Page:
Nicholas Lemann: Growing Up Jewish in the American South
Nick Lemann is the Dean of the Columbia University School of Journalism and a former New Yorker staff writer. While at Harvard – where he graduated in 1976 – Lemann served as President of the Crimson. He has worked as a reporter and editor at The Washington Monthly, Texas Monthly, The Atlantic Monthly and The Washington Post, focusing primarily on national affairs.
Lemann is the author of The Promised Land: The Great Black Migration and How It Changed America, The Big Test: The Secret History of the American Meritocracy, about the SAT, and most recently, Redemption: The Last Battle of the Civil War, about the failure of Reconstruction. At Columbia, where he was hired as Dean of the Journalism School in 2003, Lemann implemented a two-year curriculum and has focused on teaching alternative journalistic mediums in the Internet age.
Nicholas Lemann: Well I grew up Jewish in a way that is very hard to describe, because it’s a sort of vanished world. It was . . . I happened to have had dinner with somebody who grew up the same way in St. Louis last night, so we were sort of talking about this. The thing that captures it the best is the movie Driving Miss Daisy, if you’ve seen that. My family, you know, had been in the South for many generations. They were long time and prominent members of the Jewish community, involved in all leading Jewish causes, etc. We were members of the biggest synagogue in New Orleans which was called Temple Sinai which was a big pile on St. Charles Avenue. And now we get to the part that would surprise people who grew up Jewish anywhere else. So this is by way of saying we were not, you know, consciously kind of trying to hide the fact that we were Jewish. We did . . . In our synagogue it was reform. We did not have the laws of kosher. We did not read the Torah in the service. There was a choir. There was a rabbi who was a cousin by marriage who wore kind of ermine robes to give the service. And no one wore a yarmulke. No one wore a prayer shawl. We didn’t have bar mitzvahs. And to my memory the whole time I was growing up, the state of Israel was never once mentioned in our synagogue. So it was a . . . It was a brand of reform Judaism known in the trade as “Pittsburgh Platform” after the meeting in Pittsburgh when it was founded in 1882. And it was meant to be a kind of Judaism that sort of looked and felt like Episcopalianism, except a Jewish version. And so that’s how I grew up. It’s also a very small Jewish community. Everybody knew and/or was related to everybody else, and it was predominantly German.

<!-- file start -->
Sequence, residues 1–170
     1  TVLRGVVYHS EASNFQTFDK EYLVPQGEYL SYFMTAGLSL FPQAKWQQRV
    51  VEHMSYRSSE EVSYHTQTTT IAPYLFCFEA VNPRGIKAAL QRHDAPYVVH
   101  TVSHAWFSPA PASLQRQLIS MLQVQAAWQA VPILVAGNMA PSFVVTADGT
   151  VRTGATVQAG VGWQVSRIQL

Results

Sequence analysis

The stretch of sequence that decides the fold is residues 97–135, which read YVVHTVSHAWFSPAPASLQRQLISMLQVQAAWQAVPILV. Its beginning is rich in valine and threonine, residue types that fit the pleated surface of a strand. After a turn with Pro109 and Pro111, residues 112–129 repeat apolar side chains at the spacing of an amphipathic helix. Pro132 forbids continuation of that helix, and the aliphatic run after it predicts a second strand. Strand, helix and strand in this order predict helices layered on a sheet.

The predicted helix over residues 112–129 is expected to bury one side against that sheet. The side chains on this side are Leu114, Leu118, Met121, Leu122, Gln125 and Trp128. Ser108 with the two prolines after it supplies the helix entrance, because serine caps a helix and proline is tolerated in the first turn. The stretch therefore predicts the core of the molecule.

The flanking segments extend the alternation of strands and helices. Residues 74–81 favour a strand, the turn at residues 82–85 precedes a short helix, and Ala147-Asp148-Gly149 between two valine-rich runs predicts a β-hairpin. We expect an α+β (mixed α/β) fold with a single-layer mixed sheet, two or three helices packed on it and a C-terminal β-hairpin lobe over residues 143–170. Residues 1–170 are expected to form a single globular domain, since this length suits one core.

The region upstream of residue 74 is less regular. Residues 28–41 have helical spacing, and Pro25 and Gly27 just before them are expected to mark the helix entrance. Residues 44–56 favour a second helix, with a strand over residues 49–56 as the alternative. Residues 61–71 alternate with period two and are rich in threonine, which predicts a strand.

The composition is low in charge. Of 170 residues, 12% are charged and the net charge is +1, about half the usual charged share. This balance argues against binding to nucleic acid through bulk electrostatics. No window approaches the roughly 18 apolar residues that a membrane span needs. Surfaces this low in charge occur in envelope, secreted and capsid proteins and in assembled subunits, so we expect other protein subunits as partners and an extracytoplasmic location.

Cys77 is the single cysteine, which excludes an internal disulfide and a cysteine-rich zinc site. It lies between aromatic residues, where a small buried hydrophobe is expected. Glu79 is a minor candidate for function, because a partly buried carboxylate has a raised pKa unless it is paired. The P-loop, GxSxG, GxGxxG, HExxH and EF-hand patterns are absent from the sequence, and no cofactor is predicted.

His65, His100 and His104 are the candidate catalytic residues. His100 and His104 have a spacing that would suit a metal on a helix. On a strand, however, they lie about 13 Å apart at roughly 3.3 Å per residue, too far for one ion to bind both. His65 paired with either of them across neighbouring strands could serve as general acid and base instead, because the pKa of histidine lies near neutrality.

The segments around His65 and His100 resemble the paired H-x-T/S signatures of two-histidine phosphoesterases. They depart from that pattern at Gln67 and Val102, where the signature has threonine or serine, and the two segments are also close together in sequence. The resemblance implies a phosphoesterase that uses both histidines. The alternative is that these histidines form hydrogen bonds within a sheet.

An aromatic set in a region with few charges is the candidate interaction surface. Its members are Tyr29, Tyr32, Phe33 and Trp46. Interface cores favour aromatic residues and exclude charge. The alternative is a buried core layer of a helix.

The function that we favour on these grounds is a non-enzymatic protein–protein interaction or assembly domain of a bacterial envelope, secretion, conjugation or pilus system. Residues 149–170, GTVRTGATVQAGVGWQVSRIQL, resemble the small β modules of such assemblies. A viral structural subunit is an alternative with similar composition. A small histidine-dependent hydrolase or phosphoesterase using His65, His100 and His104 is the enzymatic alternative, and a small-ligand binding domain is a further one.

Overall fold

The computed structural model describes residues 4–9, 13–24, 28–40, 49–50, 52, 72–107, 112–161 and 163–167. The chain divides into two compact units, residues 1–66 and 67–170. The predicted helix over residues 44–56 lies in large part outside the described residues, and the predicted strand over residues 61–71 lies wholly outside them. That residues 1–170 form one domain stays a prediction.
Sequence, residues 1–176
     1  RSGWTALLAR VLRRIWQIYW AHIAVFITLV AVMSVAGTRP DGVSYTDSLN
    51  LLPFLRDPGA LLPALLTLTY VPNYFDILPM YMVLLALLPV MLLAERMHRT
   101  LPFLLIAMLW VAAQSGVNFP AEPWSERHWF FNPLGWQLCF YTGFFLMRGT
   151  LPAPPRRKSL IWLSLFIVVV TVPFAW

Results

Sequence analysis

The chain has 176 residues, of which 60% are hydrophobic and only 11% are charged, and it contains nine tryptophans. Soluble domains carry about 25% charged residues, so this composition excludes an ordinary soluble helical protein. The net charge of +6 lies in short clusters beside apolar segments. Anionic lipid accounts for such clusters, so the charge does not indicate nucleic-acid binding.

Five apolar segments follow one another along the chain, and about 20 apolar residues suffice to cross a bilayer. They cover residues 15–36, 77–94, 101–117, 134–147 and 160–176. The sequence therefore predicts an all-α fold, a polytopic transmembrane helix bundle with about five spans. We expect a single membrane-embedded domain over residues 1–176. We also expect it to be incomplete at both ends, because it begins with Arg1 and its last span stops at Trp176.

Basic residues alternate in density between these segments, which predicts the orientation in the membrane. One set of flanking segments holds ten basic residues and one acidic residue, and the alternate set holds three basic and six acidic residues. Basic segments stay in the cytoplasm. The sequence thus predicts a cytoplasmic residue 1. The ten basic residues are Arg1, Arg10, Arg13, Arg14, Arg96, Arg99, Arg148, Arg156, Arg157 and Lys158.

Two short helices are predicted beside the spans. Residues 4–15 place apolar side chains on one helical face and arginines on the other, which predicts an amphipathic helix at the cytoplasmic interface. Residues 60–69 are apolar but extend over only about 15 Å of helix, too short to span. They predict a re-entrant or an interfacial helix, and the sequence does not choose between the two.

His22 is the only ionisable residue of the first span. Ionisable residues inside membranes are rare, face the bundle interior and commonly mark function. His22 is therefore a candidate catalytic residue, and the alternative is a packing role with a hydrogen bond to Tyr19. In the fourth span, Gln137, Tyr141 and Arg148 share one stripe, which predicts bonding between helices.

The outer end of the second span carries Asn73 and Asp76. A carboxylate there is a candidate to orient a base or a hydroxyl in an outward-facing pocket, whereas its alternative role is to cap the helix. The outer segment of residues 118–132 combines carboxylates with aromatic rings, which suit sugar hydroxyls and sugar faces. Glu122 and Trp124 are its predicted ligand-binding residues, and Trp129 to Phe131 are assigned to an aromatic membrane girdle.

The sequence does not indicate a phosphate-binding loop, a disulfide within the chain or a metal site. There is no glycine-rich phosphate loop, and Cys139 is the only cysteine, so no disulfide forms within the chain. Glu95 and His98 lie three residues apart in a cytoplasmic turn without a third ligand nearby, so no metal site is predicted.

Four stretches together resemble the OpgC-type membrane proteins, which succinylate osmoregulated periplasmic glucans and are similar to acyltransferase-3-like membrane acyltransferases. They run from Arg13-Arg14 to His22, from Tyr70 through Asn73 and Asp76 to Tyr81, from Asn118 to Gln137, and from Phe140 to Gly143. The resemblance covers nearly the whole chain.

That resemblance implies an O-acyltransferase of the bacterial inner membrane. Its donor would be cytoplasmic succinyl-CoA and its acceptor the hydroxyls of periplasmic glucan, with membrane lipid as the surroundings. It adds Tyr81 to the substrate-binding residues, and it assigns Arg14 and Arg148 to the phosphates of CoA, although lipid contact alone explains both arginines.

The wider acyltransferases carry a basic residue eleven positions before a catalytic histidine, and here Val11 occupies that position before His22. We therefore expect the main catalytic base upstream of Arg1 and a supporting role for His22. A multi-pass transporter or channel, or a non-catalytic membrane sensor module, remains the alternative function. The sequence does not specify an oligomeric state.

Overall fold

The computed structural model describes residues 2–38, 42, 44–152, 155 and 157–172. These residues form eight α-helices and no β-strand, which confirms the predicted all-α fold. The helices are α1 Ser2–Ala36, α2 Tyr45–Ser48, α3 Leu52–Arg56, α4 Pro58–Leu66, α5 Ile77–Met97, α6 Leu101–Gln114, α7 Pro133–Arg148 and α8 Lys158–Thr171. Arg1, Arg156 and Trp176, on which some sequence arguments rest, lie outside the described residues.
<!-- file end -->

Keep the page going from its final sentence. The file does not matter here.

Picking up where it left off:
Recorded on: 11/30/07
Lemann describes growing up in a community of assimilated German Jews.
Swiss researchers identify new dangers of modern cocaine.
- Cocaine cut with anti-worming adulterant levamisole may cause brain damage.
- Levamisole can thin out the prefrontal cortex and affect cognitive skills.
- Government health programs should encourage testing of cocaine for purity.
Civil discourse has fallen to an all time low.
The question that the American populace needs to ask itself now is: how do we fix it?
Discursive fundamentals need to be taught to preserve free expression
In their findings the authors state:
upholding First Amendment ideals.
Talking politics at Thanksgiving dinner
- Progressive Activists: younger, highly engaged, secular, cosmopolitan, angry.
- Traditional Liberals: older, retired, open to compromise, rational, cautious.
- Passive Liberals: unhappy, insecure, distrustful, disillusioned.
- Politically Disengaged: young, low income, distrustful, detached, patriotic, conspiratorial
- Moderates: engaged, civic-minded, middle-of-the-road, pessimistic, Protestant.
- Traditional Conservatives: religious, middle class, patriotic, moralistic.
- Devoted Conservatives: white, retired, highly engaged, uncompromising,
It's interesting to note the authors found that:
"Tribe membership shows strong reliability in predicting views across different political topics."
Here are some statistics on differing viewpoints according to political party:
- 51% of staunch liberals say it's "morally acceptable" to punch Nazis.
- 53% of Republicans favor stripping U.S. citizenship from people who burn the American flag.
- 65% of Republicans say NFL players should be fired if they refuse to stand for the anthem.
- 58% of Democrats say employers should punish employees for offensive Facebook posts.
- 47% of Republicans favor bans on building new mosques.
Here are some guidelines for civic discourse that might come in handy:
- Practice inclusion and listen to who you're speaking to.
Civic discourse in the divisive age
dangerously tribal, fueled by a culture of outrage and taking offense. For the combatants,
the other side can no longer be tolerated, and no price is too high to defeat them.
These tensions are poisoning personal relationships, consuming our politics and
putting our democracy in peril.
Once a country has become tribalized, debates about contested issues from
immigration and trade to economic management, climate change and national security,
become shaped by larger tribal identities. Policy debate gives way to tribal conflicts.
Polarization and tribalism are self-reinforcing and will likely continue to accelerate.
The work of rebuilding our fragmented society needs to start now. It extends from
re-connecting people across the lines of division in local communities all the way to
building a renewed sense of national identity: a bigger story of us."
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